Dinosaurs have always fascinated me. I thrilled to "One Million B.C." with Raquel Welch and the great animated dinosaurs. To be completely accurate, dinosaurs have been extinct for 66 million years, so the movie's title is off by a few million years. Of course, everyone knows people didn't live during those days either, but I liked the movie in spite of its errors. Interest in the dinosaurs is bigger today than ever. Just look at the success of such movies as "Jurassic Park." More new findings and species are being dug up now than ever before. I guess the popularity of dinosaurs is due to the fact that these kind of amazing creatures actually existed. Over the years, theories have changed, discoveries have been made, and science has given the dinosaurs a makeover. Once thought to be cold blooded, sluggish reptiles, the image of dinosaurs today is one of vital, hot-blooded beasts, much more dramatic than the plodding behemoths of my youth. Somehow, in my mind, I must have always known this to be true. How could these creatures have captured my imagination so completely? How could they have dominated the earth while other animal forms hid in the shadows? Rather than being the evolutionary failure most people stereotype them as, they are, on the contrary, one of the most successful forms of life to have come along. Their kind ruled the earth for 155 million years, while people have been around for perhaps 4 million (modern humans even less). Descendents of the dinosaurs live among us today in the form of birds.





Here is some basic information about what we know about dinosaurs today:

 

THE AGE OF REPTILES

Dinosaurs lived in a block of time called the Mesozoic Era, which began about 248 million years ago an lasted 182 million years. The Mesozoic era is divided into three smaller blocks of time called Periods.

The earliest period was the Triassic, which lasted from 248 million years ago to 208 million years ago. This period saw the beginning of the dinosaurs (towards the end of the period), and was actually dominated by other animal forms that, at the time, were larger and more numerous than the primitive dinosaur forms.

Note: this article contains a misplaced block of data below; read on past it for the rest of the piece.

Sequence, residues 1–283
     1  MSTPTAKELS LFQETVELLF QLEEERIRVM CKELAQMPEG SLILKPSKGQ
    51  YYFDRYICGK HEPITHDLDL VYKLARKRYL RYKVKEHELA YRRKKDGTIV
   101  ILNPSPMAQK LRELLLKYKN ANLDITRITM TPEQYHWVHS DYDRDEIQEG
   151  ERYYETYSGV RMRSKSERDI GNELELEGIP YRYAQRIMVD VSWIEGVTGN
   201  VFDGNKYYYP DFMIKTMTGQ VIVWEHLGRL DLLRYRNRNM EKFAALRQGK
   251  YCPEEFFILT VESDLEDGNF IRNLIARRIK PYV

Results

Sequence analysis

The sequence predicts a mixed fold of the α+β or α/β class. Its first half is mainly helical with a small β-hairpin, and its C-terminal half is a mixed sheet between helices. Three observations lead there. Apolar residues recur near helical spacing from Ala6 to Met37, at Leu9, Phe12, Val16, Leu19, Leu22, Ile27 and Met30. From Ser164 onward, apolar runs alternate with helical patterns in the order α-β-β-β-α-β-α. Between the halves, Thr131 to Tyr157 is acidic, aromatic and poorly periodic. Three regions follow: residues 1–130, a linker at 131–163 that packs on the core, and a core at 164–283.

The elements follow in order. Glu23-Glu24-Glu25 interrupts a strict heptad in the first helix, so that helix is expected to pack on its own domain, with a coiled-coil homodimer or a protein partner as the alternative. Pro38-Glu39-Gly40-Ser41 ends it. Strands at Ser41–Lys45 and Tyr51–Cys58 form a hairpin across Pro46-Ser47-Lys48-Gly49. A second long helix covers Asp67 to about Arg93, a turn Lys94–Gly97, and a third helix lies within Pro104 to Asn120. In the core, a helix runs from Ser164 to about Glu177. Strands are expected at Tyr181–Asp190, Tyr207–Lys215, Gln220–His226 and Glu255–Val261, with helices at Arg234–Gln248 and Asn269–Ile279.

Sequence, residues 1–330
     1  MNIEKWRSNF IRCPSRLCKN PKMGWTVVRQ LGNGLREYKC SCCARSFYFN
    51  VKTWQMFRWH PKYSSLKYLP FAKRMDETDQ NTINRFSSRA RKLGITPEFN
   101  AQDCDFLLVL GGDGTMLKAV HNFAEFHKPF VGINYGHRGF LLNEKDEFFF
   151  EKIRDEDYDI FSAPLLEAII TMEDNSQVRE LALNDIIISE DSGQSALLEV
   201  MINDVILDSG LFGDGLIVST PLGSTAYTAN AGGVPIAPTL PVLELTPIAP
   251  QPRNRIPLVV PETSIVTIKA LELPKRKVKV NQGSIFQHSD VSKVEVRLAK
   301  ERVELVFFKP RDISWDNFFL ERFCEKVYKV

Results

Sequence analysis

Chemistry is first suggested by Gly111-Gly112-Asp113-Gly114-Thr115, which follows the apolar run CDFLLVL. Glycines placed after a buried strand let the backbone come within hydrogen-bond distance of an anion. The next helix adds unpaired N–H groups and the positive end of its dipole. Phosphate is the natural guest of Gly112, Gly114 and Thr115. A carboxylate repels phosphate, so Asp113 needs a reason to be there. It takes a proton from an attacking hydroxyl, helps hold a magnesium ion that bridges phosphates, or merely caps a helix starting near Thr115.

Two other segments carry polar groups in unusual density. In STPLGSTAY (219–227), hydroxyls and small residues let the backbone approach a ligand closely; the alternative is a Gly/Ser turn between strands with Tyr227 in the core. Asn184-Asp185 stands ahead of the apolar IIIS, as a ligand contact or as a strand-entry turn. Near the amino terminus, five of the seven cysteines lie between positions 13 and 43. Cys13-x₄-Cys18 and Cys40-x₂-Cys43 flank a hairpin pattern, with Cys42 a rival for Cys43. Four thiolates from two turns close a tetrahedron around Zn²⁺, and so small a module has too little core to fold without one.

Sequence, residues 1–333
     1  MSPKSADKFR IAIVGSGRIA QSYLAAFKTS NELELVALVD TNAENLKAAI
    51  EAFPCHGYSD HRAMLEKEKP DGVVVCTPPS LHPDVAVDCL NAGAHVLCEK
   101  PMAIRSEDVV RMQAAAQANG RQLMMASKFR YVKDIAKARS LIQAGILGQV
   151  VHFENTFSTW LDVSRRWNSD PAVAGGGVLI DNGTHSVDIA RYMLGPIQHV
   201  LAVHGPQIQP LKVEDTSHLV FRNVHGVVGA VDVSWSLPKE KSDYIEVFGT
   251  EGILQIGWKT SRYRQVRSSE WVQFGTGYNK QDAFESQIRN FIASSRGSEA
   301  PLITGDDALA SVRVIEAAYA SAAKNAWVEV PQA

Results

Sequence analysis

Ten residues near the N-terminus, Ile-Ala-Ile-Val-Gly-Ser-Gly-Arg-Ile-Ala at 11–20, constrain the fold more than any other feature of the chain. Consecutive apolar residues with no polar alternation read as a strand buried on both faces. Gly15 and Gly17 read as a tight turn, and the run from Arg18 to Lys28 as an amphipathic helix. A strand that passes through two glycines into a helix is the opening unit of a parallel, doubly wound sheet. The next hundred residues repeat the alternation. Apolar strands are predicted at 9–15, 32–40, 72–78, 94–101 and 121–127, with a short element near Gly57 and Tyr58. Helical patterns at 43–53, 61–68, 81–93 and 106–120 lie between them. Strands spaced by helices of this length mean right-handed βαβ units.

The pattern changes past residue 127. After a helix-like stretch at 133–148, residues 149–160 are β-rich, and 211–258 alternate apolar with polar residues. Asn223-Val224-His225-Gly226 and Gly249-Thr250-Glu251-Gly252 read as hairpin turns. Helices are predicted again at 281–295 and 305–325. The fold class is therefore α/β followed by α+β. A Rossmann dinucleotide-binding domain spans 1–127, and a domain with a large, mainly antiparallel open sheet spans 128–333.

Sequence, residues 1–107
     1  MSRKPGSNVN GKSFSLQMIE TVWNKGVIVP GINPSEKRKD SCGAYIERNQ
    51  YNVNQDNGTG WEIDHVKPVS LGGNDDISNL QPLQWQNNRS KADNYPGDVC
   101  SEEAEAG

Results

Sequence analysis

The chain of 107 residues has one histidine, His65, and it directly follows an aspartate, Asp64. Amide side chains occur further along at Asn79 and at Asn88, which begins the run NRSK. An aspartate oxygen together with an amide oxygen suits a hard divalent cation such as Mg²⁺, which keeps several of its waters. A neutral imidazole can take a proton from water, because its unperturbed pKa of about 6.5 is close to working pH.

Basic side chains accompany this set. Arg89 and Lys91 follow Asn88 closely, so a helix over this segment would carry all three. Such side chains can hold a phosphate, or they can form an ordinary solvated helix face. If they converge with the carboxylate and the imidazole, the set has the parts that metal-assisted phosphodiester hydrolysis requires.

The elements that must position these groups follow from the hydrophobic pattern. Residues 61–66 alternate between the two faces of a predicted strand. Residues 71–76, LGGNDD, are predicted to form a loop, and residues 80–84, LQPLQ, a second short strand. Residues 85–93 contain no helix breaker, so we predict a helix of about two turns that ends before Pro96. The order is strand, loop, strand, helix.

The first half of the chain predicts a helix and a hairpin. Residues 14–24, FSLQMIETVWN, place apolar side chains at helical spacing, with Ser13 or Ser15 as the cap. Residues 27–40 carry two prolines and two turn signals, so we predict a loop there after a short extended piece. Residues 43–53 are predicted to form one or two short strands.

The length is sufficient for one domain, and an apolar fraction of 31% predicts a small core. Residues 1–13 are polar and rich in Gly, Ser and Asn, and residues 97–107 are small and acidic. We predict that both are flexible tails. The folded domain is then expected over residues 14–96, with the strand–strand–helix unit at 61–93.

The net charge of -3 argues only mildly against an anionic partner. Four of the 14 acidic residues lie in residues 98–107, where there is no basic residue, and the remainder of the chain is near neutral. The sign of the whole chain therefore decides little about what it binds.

Next came the Jurassic Period, which lasted until 144 million years ago. This was the age when dinosaurs really took over, with animal forms reaching immense size and incredible shapes. The first bird forms are believed by most paleontologists to have evolved in this period.

The last age of dinosaurs was the Cretaceous Period, which started 144 million years ago and lasted to 66 million years ago. Some of the most familiar dinosaurs forms evolved and lived during this time, including the ceratopians (Triceratops), and hadrosaurs (duck-billed dinosaurs). Probably the most famous dinosaur of all, Tyrannosaurus Rex, lived during this period.

At the end of the Cretaceous period, all fossil evidence of the dinosaurs disappears. Throughout Earth's history species have vanished during happenings called mass extinction events. All through the history of the earth, including the Mesozoic Era, and Cenozoic Era (the age of mammals, which includes the present day), mass extinctions have wiped out many forms of life, which were then replaced by other forms. The mass extinction event at the end of the Cretaceous wiped out many forms of life, including the dinosaurs, pterosaurs, and the huge marine reptiles. What caused these extinctions is still in dispute, and may never be truly solved. The most recent popular theory is that the extinctions were triggered by a large asteroid or comet smashing into the earth's crust.